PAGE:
Burger King kicked off mental health awareness month by releasing their newest promotion for “real meals“ in the attempt to showcase that “its OK to be OK.” The fast food chain encourages consumers to #FeelYourWay. Whether this was a jab at Mcdonalds for their famously known “Happy Meals” or a form of authentic awareness for mental health, the company failed to create a mindful conversation appreciating individuals with mental health conditions.
The five meals included in the promotion were titled “YAAAS,” “Salty,” “IDGAF,” “Pissed” and “Blue.” Each meal represented a different mood Burger King inaccurately chose to associate with mental health conditions. The company received most of its backlash from Twitter users that saw a major issue with the dry satire element of the ad, which down plays the seriousness of mental health and contradicts the original message of spreading mental health awareness.
“Congratulations to burger king for ending mental illness the same way kendall jenner and pepsi ended racism,” tweeted one user amidst the promotion release while another user sarcastically joked along tweeting, ”wow thank you for raising awareness about ‘yasss,’ it claims too many lives every year.”
Many of the tweets critiquing the company’s decision to release these meals have raised legitimate points that Burger King did not plan a proper approach for a slogan nor an accurate representation of moods that would appropriately promote the seriousness of mental health.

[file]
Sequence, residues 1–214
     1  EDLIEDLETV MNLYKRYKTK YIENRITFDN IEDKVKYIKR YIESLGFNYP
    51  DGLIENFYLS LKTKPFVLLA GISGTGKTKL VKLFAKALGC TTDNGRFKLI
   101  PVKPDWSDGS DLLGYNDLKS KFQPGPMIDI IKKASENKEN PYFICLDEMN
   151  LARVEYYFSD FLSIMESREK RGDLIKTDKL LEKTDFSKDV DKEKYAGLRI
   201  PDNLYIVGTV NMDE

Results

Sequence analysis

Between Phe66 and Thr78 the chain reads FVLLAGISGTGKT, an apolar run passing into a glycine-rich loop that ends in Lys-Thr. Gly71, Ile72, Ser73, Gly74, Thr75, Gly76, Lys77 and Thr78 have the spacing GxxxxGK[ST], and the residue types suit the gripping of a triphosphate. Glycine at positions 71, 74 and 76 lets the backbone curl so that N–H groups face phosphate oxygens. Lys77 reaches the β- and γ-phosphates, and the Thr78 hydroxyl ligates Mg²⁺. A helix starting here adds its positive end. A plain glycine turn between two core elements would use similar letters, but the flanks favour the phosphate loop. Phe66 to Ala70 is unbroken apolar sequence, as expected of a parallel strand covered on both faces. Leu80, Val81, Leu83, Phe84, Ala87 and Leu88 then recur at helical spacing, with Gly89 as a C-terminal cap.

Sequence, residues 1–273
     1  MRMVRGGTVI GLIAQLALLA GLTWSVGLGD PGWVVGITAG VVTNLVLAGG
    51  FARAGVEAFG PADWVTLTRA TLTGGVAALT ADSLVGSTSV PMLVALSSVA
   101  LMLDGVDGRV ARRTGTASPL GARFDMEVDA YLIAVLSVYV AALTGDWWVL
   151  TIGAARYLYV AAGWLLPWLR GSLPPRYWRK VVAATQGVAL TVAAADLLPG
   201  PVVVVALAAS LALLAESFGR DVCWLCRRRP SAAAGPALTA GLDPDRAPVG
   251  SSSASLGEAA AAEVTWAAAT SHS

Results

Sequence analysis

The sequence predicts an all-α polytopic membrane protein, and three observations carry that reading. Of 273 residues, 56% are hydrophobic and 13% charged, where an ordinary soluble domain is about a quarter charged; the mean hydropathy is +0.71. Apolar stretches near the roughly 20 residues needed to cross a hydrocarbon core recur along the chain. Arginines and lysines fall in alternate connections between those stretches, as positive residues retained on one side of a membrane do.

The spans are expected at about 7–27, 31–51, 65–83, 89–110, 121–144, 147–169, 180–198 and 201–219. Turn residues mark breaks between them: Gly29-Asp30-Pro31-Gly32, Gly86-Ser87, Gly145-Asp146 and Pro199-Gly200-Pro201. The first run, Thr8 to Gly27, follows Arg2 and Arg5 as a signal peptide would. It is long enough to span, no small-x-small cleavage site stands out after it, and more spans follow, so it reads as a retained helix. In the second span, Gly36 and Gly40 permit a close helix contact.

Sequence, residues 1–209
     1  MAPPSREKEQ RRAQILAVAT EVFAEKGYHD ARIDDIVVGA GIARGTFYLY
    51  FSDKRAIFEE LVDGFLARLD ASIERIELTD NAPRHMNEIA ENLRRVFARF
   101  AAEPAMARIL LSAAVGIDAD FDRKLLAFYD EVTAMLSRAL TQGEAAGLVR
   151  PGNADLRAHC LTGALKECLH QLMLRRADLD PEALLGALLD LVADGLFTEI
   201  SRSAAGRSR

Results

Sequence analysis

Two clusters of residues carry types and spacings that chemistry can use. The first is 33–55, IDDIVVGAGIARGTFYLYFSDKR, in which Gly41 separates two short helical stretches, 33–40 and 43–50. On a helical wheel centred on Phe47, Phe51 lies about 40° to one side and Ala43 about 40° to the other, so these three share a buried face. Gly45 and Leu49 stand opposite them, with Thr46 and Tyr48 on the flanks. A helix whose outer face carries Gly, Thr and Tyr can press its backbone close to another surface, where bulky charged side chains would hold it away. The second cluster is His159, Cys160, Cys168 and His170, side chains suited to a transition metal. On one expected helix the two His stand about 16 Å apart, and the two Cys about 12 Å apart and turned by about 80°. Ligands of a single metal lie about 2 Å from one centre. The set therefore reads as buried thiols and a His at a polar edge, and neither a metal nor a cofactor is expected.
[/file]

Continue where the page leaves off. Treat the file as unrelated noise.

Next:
Burger King’s target audience was obviously aimed toward millennials, which helps explain the decision to use current text slang as the names for the meals, but connecting these so-called moods to terms such as “IDGAF” to stimulate the awareness of mental health just wasn’t tactful and has clearly bolstered a negative response through millennials users on Twitter.
Mental health already carries a negative stigma and is worldly known to be a shameful or sensitive topic to discuss so why would a fast food corporation assume it would stimulate a positive outcome, especially through an advertisement that perpetuates shallow stereotypes?
Not only did Burger King choose inaccurate moods to depict the types of mental health diagnoses associated, but the commercial itself fell short of remaining mindful of the subject. One particular scene of the almost two minute ad shows a women storming down a set of stairs yelling, “my boss is such a creep, I just told him to go [bleep] himself,” while throwing a stack of papers from a box that can imply she was either fired or she quit. This scene has no relevance toward mental health other than an upset women in a work field where her boss is a “creep.”
Over 44 million adults in America have been diagnosed with a mental health condition, according to Mental Health America (MHA), the non-profit organization that partnered with Burger King and unfortunately the ad tragically failed to make a clear connection of spreading awareness on a topic that directly affects many individuals. The only part of this promotion Burger King succeeded at was exhibiting a distasteful poem that has a depressive tone of “bapada, I’m loving it.” Mainstream fast food restaurants should just continue doing what they do best, which is making burgers without a side of lingering contradiction.